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Spring into health with these 9 seasonal tips

The spring season is a special time of renewal, growth and change. Likewise, it’s the perfect time for you to refresh commitments to your own good health and happiness.

Many people are ready to end their winter hibernation, and longer, brighter days and better weather naturally encourage our interest in activity. You don’t have to join the gym or sign up for an exercise class to become more active. Often, it’s small lifestyle changes that increase your energy and endurance, as well as improve your mental and spiritual well-being. Physical activity has a positive impact on you — body, mind and spirit.

Lisa Thomas, RN, a Via Christi nurse navigator, provides personalized support to help patients manage and improve their quality of life. She and her fellow nurse navigators have a special role: helping coordinate care for patients with complex conditions such as diabetes, heart failure and pulmonary disease. This allows patients to spend more time enjoying life and less time in the ER or hospital.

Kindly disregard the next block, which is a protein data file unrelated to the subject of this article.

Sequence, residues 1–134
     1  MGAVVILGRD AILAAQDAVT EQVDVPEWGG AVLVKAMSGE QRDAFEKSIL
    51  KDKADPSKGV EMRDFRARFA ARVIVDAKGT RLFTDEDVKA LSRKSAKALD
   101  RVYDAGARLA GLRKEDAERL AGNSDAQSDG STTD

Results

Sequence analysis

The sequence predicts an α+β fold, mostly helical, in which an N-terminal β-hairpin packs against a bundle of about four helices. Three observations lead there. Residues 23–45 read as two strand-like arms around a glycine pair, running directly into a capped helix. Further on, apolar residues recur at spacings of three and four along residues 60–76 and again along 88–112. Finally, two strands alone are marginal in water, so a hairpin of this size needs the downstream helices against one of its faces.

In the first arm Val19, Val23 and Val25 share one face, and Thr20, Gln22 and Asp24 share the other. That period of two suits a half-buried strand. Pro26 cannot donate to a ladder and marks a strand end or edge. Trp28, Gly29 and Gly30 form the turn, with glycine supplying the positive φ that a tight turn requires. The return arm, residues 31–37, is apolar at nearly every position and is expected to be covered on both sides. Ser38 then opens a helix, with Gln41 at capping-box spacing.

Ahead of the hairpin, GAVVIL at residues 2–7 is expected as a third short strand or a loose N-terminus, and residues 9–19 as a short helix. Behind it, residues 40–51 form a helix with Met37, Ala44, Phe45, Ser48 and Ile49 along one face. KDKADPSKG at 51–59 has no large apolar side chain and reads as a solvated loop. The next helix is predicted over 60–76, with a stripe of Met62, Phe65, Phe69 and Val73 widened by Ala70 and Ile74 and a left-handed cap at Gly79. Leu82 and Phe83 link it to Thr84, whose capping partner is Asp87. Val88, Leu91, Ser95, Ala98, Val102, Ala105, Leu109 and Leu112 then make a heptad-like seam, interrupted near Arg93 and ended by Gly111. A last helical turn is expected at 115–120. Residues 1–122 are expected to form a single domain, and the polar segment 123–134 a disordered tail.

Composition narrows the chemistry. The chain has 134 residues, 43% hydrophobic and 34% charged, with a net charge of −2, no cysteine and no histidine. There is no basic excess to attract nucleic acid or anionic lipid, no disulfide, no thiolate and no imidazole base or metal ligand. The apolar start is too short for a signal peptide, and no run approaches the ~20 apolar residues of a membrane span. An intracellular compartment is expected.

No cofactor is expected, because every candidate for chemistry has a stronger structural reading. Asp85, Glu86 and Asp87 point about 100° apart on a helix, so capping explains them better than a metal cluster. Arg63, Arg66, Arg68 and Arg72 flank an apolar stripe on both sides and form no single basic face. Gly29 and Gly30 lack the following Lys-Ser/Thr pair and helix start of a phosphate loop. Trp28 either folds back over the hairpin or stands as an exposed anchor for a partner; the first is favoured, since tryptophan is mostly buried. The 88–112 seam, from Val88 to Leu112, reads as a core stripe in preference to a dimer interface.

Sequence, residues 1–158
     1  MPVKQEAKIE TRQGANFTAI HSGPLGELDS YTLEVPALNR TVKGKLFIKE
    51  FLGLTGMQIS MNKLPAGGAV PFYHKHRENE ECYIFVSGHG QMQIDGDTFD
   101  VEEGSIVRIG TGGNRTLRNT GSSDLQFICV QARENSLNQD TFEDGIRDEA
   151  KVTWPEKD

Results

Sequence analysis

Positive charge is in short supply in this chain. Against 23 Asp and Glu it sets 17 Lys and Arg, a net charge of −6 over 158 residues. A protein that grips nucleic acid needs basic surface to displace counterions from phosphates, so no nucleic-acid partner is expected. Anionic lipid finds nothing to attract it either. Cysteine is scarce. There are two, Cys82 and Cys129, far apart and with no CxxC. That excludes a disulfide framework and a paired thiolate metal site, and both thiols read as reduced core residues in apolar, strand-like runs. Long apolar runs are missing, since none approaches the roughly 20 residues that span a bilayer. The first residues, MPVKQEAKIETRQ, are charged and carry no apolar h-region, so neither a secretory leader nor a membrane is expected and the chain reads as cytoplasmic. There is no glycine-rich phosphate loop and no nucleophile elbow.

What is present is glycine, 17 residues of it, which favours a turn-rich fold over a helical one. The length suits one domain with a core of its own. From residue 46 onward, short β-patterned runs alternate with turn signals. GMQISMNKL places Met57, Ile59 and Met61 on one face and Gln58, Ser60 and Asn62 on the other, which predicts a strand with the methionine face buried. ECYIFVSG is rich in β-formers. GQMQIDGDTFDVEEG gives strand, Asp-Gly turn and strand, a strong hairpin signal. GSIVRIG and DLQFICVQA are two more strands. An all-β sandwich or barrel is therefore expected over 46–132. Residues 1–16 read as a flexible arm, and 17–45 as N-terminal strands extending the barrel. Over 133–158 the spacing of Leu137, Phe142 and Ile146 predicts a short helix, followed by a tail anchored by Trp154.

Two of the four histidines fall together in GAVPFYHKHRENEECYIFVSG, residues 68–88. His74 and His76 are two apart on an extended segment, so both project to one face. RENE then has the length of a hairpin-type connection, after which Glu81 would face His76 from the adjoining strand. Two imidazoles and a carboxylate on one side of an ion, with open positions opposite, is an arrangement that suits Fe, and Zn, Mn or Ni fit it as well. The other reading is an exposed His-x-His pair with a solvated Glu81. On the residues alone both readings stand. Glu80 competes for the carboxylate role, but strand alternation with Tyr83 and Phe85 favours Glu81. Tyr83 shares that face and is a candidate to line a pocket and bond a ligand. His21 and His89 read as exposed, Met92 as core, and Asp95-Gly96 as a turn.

Here, she offers nine simple lifestyle changes you can make that have the potential to produce big results.          

1. Rethink your drink: Replace sugar-sweetened, high-calorie drinks with flavored or sparkling water. For the ultimate healthy refreshment, infuse your water or ice cubes with citrus fruit, berries, cucumber or mint leaves. You’ll get great-tasting beverages that have added nutritional benefits.

Says Thomas: “Try combinations. One of my favorites is fresh sliced oranges with blueberries either fresh or frozen. Experiment with whatever you have on hand for different combinations. Cut up fruit chunks and freeze them for individual uses later.”